Clifford Chance makes post-Bloxham pensions overhaul” />Clifford Chance has voted through amendments to its pension package so all references to age are removed.
Until now partners retiring at 55 have received 25 per cent of their final profit share every year until they reach 60. Although the annuity package is being phased out, with those who made partner after 2005 not entitled to any payments, the firm felt these terms left it open to possible age discrimination claims.
As revealed in The Lawyer (19 November 2007), the firm waited for the outcome of the age discrimination case brought against Freshfields Bruckhaus Deringer by former insolvency partner Peter Bloxham before pressing ahead with the changes.
Clifford Chance executive partner and general counsel Chris Perrin, who led the team working on the annuity overhaul, said: “We decided that some of the arrangements could be challenged under age discrimination legislation. While the annuity is being phased out it will take about 30 years. If it had been five years we probably wouldn’t have done anything because it is not likely that partners would have challenged it on discrimination grounds.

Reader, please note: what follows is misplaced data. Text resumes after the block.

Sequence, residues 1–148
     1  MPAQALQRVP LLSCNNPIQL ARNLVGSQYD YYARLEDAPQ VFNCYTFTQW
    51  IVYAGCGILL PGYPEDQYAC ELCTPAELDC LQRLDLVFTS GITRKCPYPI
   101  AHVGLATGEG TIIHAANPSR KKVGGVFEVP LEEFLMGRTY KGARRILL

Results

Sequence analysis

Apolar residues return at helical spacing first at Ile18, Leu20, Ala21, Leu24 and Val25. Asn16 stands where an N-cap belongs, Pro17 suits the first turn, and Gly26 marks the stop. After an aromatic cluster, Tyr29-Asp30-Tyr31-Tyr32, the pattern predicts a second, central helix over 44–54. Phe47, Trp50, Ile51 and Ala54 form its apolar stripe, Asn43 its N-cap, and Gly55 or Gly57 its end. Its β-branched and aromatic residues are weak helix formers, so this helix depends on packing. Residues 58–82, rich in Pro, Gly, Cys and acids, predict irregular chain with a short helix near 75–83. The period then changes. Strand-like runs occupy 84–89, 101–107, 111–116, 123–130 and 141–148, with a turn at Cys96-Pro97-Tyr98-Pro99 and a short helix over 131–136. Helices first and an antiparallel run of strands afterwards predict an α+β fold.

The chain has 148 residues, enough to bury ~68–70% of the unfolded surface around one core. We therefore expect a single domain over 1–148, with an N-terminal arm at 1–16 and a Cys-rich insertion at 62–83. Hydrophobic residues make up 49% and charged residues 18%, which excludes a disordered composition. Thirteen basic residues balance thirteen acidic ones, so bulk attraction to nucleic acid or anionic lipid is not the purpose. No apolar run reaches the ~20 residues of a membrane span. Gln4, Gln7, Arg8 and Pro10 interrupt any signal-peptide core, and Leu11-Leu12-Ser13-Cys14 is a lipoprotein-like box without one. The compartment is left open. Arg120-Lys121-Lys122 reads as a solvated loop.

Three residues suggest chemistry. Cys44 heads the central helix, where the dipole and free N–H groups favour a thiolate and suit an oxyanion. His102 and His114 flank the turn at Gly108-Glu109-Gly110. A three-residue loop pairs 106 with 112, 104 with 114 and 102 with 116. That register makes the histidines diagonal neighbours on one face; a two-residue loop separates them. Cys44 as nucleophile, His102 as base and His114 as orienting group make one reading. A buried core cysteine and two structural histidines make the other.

“We thought it was sensible to amend the rules to comply with legislation,” he added.
The previous package was designed to encourage early retirement with those retiring at 55 getting five years of payments while those retiring at 58 would get just three. Anyone who wanted to retire between the ages of 50 and 55 could have been entitled to smaller payments for five years, though that was at the firm’s discretion.
Under the amended package, which received the backing of 93 per cent of the partnership, those who made partner before October 2005 will be allowed to retire after 15 years as a partner. They will receive an annuity equal to 17 per cent of their final profit share for five years.
For those who have been a partner for 20 years or more the payment will be equal to 23 per cent of their final profit share, again paid each year for five years.
An annual payment cap of £276,000, which was introduced in 2005, remains in place.